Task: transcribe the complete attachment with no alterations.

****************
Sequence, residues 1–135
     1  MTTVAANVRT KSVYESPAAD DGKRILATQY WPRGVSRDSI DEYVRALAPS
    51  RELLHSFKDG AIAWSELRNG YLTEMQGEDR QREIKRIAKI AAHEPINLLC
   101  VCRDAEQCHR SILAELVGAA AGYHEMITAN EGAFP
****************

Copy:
Sequence, residues 1–135
     1  MTTVAANVRT KSVYESPAAD DGKRILATQY WPRGVSRDSI DEYVRALAPS
    51  RELLHSFKDG AIAWSELRNG YLTEMQGEDR QREIKRIAKI AAHEPINLLC
   101  VCRDAEQCHR SILAELVGAA AGYHEMITAN EGAFP